Supper & Styling

Warm Industrial Styling at a Paris Restaurant by Tash South

When I visited Paris last month, I stumbled upon The Place To… along my way to the Arc De Triomphe. I thought the name was a bit odd, but I can kind of see where they’re going with it – they provide a relaxed industrial space for you to meet friends, enjoy delicious food or enjoy a celebration – fill in the blank - it’s up to you.

Situated on Wagram Street, the cosy restaurant also has outside seating where you can watch the ever-stylish Parisians go by – which is exactly what I did!

Outside seating with burlap cushions

I ordered the deliciously fresh Asian basket salad of crunchy vegetables, tuna sesame sashimi, peanuts, lime sauce, honey and fried onions - in my best French (which is very, very bad!)

Food out of the way, I started to explore the interior. I’ve always appreciated Industrial style for its’ stripped back architecture and humble materials. There is a lack of pretension in the pure practicality of the raw materials and salvaged objects.

The under-lit rustic bar with worn leather bar stools

Industrial pieces are usually minimal and no-nonsense. When I’m designing an industrial space, I like to mix new with old or reclaimed pieces. Search charity shops, flea markets and antiques markets for unique and affordable items. And if you happen to be passing a skip, have a quick peek inside, you never know what you might find! Upcycling is usually key for this style, so look for items that can reused or re-purposed. It’s a look that can be affordably achieved.

These three fabulous reclaimed timezone clocks create an eye-catching focal point in the restaurant.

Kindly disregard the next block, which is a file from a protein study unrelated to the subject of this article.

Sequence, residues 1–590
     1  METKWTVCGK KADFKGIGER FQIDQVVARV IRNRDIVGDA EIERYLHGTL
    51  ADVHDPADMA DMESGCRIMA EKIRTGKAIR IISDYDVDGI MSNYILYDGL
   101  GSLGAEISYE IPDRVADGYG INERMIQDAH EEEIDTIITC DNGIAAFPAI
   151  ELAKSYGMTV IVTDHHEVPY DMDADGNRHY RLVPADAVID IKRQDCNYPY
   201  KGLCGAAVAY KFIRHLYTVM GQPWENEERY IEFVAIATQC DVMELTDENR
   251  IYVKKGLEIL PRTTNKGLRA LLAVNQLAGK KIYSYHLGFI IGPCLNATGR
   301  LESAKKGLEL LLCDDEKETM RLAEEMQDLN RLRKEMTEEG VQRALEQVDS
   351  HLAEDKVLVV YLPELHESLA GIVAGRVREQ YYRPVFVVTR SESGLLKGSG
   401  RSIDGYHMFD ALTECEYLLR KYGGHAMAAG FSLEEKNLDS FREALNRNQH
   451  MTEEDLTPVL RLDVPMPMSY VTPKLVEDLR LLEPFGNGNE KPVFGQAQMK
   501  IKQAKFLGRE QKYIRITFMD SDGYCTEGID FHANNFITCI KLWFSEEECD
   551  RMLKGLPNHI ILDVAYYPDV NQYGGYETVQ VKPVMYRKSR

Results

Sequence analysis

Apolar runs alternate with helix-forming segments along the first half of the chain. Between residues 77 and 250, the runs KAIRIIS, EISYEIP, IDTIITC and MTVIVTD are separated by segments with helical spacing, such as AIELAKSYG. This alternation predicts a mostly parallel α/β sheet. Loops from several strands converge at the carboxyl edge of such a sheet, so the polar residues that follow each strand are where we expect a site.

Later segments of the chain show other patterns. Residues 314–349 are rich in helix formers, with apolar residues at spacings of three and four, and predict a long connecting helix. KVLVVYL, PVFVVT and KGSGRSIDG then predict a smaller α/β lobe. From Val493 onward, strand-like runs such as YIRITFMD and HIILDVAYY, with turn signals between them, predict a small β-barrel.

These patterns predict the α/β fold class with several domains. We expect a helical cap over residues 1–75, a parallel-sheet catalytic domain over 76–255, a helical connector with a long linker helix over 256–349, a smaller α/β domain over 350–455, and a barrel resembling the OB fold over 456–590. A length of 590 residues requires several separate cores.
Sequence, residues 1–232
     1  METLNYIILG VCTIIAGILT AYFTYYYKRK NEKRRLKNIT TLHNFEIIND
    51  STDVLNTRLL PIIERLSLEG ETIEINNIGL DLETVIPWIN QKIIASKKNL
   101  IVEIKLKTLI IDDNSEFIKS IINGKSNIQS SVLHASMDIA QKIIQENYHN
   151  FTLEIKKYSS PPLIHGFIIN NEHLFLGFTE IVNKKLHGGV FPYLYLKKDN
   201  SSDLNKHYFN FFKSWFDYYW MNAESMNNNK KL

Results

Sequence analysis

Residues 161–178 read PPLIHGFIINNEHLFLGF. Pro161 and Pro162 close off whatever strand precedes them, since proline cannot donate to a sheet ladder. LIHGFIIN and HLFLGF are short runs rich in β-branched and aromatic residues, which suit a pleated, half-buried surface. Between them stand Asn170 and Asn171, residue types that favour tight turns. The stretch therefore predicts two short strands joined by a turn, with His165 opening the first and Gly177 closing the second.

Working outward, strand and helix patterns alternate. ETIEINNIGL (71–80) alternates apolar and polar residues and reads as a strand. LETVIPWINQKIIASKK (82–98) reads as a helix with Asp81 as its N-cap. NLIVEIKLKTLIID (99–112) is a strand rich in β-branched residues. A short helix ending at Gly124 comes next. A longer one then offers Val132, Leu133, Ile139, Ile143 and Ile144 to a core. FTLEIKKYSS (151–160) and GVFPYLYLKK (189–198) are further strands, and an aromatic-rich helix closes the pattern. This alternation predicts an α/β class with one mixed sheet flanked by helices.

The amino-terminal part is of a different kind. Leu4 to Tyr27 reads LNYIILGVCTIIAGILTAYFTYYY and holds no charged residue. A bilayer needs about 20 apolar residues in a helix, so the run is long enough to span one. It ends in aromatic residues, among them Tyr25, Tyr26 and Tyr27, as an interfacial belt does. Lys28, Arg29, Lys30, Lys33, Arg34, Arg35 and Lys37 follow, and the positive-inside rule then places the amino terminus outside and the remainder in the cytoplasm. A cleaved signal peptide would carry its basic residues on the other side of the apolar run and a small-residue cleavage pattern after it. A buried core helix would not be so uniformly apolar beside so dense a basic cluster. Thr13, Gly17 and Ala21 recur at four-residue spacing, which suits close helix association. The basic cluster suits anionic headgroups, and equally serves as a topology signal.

An old bicycle is used to add interest to the plain railings.

A colourful mural painted directly onto the bare brickwork is very effective.

Industrial steel and wood chairs provide robust seating and clean lines. The flooring is kept very basic.

Factory-style pendants provide lighting on the terrace.

Want to get the Warm Industrial look in your home?

Here are some style tips:

Start with space planning: originally, industrial spaces were huge warehouses or factories, so it make sense to start with an open-plan layout that feels spacious.

Architecture: It's all about having the bones of the building on show, leave beams uncovered, brickwork and railings exposed and window frames visible.

Flooring: Poured concrete is usually the industrial flooring of choice, but I think large format tiles or worn wooden floorboards work really well too.

Lighting: It's easy to nail industrial lighting these days, if you can find authentic reclaimed pendants and lamps, that's awesome, but there are so many great reproductions available as well. Think bare or black painted metal and an exposed light source for pendants and extendable and adjustable arms for wall fixtures.

Palette and Materials: It's all about metal! Choose steel and iron and avoid a finish that is too shiny, aim for matt finishes with some patina. Keep your colour palette natural overall - think metals, rust, natural stone and wood. A punch of bright colour can be added with furnishings or artwork, or both. Never forget texture - add elements of well-worn, rustic wood and raw concrete - texture is very important in this style to break up a palette that can become too monocromatic.

Furnishings and Styling: As much as I love the practical style industrial offers, it can often seem quite harsh and cold, so I'm a massive fan of 'warm industrial' styling.
I usually start with the industrial basics above, and then layer with a lush velvet sofa, sheepskins and hides, natural rugs and plants.

Have you done industrial in your home? Please share!  I'd love to see it.

 

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Decor Inspo at Neni Restaurant, Berlin by Tash South

For my new Supper & Styling category posts,  I will be combining restaurant and décor reviews into one neat little package for you. So if you're looking for somewhere stylish with a special atmosphere, or even just a relaxed place to eat - you know where to come!